In the field, there’s little to choose among the three. All handle 7/8 to 11/8 ounces of shot well; all kill doves cleanly. I give the 12-gauge a slight edge: It offers the widest choice of ammunition; it can shoot the same amount of shot as the 16 or 20 at higher velocities; and ounce for ounce, 12-gauge ammunition costs less. There are places in the world where people make fun of you for showing up at a dove field with a 12-gauge “cannon.” Ignore them, as I do.
** Dove Guns**
A long, light gun is the easiest smoothbore to hit doves with. Light weight lets you react quickly to a dove’s in-flight gyrations, while the extra length adds some mass up front to smooth your swing. Gas autos provide the real advantage of recoil reduction; a 15-bird limit times five shells per bird equals 75 shots fired through no more padding than a T-shirt.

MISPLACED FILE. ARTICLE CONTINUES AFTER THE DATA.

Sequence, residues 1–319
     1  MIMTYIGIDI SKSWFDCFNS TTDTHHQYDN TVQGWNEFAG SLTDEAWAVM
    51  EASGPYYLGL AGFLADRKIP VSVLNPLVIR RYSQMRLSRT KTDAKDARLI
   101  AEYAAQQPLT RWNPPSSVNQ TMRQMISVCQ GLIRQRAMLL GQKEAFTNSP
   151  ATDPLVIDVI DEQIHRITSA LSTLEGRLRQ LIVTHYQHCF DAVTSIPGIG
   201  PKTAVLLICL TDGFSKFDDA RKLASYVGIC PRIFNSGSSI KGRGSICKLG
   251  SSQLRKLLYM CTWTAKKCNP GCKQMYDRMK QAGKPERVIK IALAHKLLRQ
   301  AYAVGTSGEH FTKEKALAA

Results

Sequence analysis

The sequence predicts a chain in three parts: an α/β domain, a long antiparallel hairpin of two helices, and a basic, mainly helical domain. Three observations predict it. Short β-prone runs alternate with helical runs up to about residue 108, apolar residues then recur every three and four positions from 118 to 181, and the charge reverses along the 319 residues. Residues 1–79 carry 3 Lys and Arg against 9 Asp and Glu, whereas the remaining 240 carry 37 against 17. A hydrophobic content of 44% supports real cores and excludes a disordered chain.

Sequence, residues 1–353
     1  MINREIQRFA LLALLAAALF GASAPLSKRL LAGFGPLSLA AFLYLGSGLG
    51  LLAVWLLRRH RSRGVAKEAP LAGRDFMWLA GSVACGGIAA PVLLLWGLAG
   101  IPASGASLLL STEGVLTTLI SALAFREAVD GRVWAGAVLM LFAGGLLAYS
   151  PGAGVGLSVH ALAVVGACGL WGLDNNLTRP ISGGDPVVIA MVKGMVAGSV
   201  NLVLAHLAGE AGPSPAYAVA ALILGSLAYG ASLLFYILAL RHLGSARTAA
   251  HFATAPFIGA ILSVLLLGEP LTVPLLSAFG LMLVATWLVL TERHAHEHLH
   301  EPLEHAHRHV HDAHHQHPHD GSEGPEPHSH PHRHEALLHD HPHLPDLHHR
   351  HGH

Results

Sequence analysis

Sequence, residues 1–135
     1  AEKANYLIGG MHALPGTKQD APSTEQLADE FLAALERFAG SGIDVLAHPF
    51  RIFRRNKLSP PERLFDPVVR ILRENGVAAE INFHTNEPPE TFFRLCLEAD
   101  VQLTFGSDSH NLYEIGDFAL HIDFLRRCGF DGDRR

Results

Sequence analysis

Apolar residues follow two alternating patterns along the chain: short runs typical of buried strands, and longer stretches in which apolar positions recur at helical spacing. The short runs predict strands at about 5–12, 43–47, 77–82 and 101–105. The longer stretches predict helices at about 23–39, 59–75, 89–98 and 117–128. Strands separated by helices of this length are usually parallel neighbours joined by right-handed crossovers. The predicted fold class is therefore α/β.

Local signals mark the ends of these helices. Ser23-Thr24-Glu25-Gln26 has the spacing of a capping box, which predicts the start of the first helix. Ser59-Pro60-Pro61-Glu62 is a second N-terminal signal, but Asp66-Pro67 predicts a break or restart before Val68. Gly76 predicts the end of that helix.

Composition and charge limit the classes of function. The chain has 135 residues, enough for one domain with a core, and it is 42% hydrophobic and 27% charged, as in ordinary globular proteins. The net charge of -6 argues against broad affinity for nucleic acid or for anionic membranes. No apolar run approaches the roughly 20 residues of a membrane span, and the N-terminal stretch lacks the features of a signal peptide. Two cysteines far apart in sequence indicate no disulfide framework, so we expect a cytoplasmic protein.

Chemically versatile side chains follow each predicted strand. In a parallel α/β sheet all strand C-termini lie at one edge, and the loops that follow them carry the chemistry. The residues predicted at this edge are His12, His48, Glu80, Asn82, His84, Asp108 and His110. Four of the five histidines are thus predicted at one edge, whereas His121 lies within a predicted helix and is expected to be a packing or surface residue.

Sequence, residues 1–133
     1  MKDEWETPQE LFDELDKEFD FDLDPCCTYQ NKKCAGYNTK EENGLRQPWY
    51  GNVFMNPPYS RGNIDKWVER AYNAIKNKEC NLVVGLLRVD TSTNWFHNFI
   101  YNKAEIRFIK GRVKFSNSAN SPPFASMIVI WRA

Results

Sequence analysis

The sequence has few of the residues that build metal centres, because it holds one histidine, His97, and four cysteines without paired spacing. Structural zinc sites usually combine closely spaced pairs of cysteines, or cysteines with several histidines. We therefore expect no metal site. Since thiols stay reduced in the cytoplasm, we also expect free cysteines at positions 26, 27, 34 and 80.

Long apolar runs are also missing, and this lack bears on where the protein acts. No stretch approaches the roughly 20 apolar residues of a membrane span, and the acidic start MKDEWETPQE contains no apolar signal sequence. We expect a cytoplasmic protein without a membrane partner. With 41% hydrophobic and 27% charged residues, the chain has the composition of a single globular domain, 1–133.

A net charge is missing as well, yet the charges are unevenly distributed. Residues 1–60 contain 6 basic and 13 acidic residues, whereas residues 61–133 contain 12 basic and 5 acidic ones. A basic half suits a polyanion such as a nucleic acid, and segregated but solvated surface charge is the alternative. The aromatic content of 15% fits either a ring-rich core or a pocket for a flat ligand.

My prescription for a dove gun? A 20-gauge or light (63/4- to 71/4-pound) 12-gauge auto with a 28-inch barrel. Beretta’s Model 391 Urika or Browning’s Gold fill the bill perfectly. Although Benelli autos don’t boast quite the recoil reduction of gas guns, they’ve developed an enviable reputation in South American dove fields (where shooters run hundreds of rounds through a gun every day) for never jamming.
For a dove double, I’d be tempted to shoot a 20-gauge Sporting Clays gun, something with long barrels and a little heft to soak up recoil.
** Chokes and Loads**
On still September days when doves flutter in to join your decoys, Skeet choke and 9s make a good combination; late in the year when the wind blows, Full and 71¿¿2s are more appropriate.
Most conditions for dove hunting fall between these two extremes. For all-around doving, I’d choose a Light Modified choke, or even Improved Cylinder in a 12-gauge. With smaller gauges, you’ll need more choke to compensate for fewer pellets in the load. No. 8 shot is hard to beat as a general-purpose dove pellet, although some hunters prefer larger 71/2s despite their lower pellet count (about 350 pellets per ounce compared to 410 pellets in an ounce of 8s). The larger pellets drive on through a dove’s breast and therefore don’t bust as many teeth at the dinner table.